Published in MLRC MediaLawLetter, May 2004.
By Andrew Bernstein and Tyson Dyck
Technology has always driven copyright reform. Each new mediumófrom audio recordings to televisionóhas offered a new way to capture and disseminate ideas. Copyright law tries to balance this dissemination with the rights of the copyright holders.1 Now faced with digital technology, copyright law must repeat this balancing act: excessive regulation hampers the potential of digital technology to be used to communicate ideas quickly; too little regulation, however, strips copyright owners of their moral control over and economic stake in their works. Many jurisdictions, particularly the United States and Canada, have balanced or are beginning to balance this conflict in similar ways. Indeed, proposed Canadian initiatives are likely to produce a regime of ISP liability in copyright similar to that in the United States.
U.S. copyright law regarding ISP liability has largely been codified in the Digital Millennium Copyright Act (the "DMCA")2 and the Communications Decency Act (the "CDA").3 The CDA's objectives are to prevent obscenity from being transmitted over the Internet and to promote the development of the Internet.4 To achieve these objectives, the CDA states that providers of interactive computer services, including ISPs, will not be treated as the publishers or speakers of information provided by a third party.5 This "Good Samaritan" clause was originally intended to encourage ISPs to monitor and edit content on their servers without fearing liability under defamation law as publishers or editors. However, this provision has been broadly interpreted and now protects all ISPs regardless of whether they edit or monitor their online content.6 The case of Gucci America v. Hall & Associates7 suggests that this limitation will only immunize ISPs against claims of online defamation. Still, the CDA treats ISPs as conduits, not sources, of objectionable information.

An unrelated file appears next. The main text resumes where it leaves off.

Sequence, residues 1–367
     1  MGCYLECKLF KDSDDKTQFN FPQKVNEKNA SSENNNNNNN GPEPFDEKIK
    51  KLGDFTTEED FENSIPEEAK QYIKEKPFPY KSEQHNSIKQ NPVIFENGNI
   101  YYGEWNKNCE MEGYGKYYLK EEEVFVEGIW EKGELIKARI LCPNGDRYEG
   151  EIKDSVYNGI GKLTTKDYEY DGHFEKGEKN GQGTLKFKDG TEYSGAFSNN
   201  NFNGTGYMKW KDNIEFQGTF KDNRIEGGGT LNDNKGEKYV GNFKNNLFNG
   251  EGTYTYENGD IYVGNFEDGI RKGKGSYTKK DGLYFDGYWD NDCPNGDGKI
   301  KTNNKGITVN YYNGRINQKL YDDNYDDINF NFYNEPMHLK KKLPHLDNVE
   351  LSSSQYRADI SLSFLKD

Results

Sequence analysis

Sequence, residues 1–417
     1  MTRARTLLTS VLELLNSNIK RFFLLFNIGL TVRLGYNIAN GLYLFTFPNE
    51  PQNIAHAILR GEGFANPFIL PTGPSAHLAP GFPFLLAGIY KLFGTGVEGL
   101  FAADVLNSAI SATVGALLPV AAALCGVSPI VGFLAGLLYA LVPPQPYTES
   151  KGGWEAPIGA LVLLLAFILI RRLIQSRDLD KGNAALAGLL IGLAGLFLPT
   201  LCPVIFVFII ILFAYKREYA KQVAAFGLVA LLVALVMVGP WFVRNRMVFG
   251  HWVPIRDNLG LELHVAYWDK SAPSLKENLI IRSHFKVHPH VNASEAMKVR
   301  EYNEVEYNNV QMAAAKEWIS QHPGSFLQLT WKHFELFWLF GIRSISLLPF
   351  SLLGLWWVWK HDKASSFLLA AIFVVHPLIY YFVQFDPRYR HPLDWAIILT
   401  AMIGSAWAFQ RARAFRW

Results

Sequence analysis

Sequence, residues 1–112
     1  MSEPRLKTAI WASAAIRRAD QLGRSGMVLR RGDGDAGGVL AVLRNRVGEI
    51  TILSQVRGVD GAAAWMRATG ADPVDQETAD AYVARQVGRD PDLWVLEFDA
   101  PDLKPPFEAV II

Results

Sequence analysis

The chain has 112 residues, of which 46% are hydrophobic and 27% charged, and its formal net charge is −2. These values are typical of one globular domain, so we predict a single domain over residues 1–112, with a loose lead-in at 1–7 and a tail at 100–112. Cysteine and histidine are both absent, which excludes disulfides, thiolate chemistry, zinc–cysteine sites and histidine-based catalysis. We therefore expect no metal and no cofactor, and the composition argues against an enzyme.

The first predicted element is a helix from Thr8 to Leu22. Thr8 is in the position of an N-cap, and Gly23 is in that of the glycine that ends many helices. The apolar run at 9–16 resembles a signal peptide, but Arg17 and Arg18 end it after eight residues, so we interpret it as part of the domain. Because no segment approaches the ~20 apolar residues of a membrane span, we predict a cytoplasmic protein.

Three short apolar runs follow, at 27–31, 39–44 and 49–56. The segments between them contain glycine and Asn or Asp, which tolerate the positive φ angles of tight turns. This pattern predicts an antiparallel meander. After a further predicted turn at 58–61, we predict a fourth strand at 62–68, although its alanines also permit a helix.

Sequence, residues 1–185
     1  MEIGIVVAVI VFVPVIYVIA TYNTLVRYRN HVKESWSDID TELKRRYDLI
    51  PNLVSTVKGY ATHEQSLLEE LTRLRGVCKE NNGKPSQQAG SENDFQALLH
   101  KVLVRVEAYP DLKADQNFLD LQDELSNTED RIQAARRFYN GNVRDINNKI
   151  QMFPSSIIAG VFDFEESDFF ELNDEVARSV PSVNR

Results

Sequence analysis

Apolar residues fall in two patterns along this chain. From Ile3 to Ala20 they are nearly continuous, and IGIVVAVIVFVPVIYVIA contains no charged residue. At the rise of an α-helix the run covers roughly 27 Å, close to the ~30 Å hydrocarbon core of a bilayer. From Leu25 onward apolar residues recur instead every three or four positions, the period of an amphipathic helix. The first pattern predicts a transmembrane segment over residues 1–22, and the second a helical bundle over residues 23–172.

The DMCA follows this thinking with respect to copyright infringement. Under this Act, if an ISP creates a policy of terminating the accounts of repeat copyright infringers, it will not be liable for its own actions or for those of its infringing customers provided that its actions fall into one of four safe harbors. These harbors protect the following activities: acting as a mere conduit for infringing information;8 caching;9 innocently storing infringing information;10 and supplying information location tools (i.e., links) that might infringe copyright.11 On the other hand, ISPs are responsible, on threat of civil liability, for administering a detailed notice and take-down system.12 If an ISP becomes aware of an infringing activity, either through notice from the copyright holder or through other circumstances, it must take action.13 It must remove the allegedly infringing material, erring on the side of protecting the copyright holder; it need not assess the fair use of the material.14 However, to avoid a system of prior restraint of speech, the DMCA provides for "counter-notice," which permits the person posting the information to make a statement that the material does not infringe, and thereby...